Keechant Sewell will become the first-ever woman commissioner of the New York Police Department. (Credit: Nassau County Police Department)

Keechant Sewell is getting the promotion of a lifetime.

Sewell, currently the chief of detectives for the Nassau County Police Department in New York, was just named the newest commissioner of the New York Police Department. She will become the first woman to ever assume the role, as well as the third Black person to ever hold the post.

“I’m here to meet the moment,” she told the NY Post in an exclusive interview. “I have been doing this for 25 years. I am ready to hit the ground running.”

During her time with Nassau County PD, Sewell worked for its Narcotics Vice Squad and served as a hostage negotiator. She has been the chief of detectives there for about a year.

New York City Mayor-elect Eric Adams had vowed to appoint a woman as commissioner throughout his campaign. “Keechant Sewell is a proven crime fighter with the experience and emotional intelligence to deliver both the safety New Yorkers need and the justice they deserve,” he told the Post of his final decision, adding that the selection was a “gut choice.” 

It’s certainly a surprising one. In her current role, Sewell oversees about 350 officers — as commissioner of the NYPD, she’ll preside over roughly 36,000, over 100 times larger than her previous force. Sewell was chosen from among a pool of candidates that included former Seattle Police Chief Carmen Best and Philadelphia Police Commissioner Danielle Outlaw.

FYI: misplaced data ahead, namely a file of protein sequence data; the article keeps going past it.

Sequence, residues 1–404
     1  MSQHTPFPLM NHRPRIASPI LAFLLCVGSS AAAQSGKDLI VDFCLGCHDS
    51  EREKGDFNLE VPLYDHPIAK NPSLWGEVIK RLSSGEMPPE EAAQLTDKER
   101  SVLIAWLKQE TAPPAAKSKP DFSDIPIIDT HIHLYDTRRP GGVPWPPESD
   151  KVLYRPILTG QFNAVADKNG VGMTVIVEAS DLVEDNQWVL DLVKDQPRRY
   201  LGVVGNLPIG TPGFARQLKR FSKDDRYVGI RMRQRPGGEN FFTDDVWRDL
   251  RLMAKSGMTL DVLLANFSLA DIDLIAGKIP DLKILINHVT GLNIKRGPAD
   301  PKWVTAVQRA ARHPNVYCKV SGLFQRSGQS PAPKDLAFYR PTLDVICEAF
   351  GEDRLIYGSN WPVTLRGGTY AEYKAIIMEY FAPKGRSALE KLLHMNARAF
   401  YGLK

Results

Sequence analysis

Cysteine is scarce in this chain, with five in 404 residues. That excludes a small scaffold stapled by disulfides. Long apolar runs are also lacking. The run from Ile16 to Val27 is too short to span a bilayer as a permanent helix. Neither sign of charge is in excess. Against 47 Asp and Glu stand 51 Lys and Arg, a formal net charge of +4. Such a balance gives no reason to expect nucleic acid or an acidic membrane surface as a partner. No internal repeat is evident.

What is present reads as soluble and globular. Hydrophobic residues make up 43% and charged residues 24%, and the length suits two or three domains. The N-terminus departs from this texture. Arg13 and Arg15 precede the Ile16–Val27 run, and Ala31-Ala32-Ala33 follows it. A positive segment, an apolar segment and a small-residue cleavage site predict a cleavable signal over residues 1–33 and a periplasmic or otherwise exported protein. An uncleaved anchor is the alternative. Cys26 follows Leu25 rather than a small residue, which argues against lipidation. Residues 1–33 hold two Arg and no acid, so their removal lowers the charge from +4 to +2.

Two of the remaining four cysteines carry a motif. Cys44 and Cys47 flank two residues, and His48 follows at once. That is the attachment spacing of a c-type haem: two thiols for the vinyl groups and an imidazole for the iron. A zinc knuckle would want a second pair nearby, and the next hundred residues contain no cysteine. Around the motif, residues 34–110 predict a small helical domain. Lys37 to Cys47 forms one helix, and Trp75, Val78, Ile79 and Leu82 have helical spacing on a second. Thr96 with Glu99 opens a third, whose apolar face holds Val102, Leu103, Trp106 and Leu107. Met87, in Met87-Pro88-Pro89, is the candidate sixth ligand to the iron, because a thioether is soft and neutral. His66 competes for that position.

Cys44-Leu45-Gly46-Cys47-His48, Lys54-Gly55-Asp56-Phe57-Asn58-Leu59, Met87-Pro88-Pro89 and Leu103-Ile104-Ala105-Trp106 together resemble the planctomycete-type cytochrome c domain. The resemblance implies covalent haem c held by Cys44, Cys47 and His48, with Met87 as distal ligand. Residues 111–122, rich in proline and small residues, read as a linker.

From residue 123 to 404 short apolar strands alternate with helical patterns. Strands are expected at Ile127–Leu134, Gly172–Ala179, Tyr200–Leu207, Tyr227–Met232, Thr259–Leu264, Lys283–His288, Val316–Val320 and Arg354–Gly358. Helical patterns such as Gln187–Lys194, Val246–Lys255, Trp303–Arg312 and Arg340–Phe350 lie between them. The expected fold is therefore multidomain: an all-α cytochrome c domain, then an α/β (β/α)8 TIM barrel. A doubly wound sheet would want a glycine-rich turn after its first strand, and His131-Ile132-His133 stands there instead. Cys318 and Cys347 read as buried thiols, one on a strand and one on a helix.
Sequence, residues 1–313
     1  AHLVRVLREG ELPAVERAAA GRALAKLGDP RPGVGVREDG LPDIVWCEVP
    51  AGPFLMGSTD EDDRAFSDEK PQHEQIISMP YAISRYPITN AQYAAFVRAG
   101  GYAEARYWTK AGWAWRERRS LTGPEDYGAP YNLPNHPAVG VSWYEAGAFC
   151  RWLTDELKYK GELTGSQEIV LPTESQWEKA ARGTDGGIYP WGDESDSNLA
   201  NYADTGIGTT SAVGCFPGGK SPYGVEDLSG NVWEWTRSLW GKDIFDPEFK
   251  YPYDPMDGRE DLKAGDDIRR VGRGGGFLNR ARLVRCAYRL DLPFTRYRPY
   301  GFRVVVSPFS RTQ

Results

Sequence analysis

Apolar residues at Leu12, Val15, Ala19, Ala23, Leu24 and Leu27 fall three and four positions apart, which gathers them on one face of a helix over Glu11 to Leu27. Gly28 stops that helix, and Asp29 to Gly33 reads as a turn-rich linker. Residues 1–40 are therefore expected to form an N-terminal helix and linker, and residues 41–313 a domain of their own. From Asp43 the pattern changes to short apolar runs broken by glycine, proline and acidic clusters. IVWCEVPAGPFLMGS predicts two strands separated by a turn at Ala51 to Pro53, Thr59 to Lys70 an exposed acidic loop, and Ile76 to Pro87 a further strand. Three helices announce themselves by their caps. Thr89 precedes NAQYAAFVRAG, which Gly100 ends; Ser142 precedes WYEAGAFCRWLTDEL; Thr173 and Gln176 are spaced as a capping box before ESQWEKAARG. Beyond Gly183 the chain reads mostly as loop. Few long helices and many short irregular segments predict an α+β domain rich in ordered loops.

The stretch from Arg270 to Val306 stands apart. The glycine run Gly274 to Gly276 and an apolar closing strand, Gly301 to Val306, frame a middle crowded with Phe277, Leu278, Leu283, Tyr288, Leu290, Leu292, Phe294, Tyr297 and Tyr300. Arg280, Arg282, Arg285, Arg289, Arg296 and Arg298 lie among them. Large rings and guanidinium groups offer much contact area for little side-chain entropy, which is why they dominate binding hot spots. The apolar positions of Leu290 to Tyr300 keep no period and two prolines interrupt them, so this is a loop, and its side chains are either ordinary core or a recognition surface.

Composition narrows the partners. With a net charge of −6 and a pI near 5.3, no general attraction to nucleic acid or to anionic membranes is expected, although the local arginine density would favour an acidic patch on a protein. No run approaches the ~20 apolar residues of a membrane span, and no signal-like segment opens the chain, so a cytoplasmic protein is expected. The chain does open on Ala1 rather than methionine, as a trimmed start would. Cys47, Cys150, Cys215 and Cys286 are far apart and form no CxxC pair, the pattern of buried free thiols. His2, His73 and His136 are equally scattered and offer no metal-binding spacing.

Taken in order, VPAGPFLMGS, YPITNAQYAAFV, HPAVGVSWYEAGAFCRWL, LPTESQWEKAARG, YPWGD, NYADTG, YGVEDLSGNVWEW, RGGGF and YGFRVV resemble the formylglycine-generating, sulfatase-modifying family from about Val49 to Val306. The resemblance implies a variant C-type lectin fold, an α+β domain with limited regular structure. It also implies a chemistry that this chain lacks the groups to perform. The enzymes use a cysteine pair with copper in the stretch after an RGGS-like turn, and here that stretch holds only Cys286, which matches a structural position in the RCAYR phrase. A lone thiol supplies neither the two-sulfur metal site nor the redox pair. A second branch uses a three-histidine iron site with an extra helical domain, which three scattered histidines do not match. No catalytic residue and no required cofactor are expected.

She’ll assume the mantle at an especially critical time for the NYPD, as both murders and unsolved cases are rising.

Sewell is also coming into the role amid ongoing incidents of police brutality and calls from activists to defund police departments throughout the U.S. Seemingly in recognition of the current climate, The New York Times reports that Sewell’s interview process even included a staged press conference to address the fictional shooting of an unarmed Black man by a white NYPD officer.

Adams — a former NYPD captain — has criticized calls to defund police, and has proposed returns to controversial practices including the deployment of plainclothes officers and stop-and-frisk. In Sewell’s interview with the Post, she declined to go into detail on her plans for the NYPD’s future, stating that she wants to do a “full assessment of what’s happening in the city right now” before strategizing. But, she also stated, “violent crime is the No. 1 priority.”

It remains to be seen what direction Sewell will go in with her time as top cop. Either way, she will step up as commissioner in January 2022, becoming the 45th person to occupy the role in the force’s 176-year history.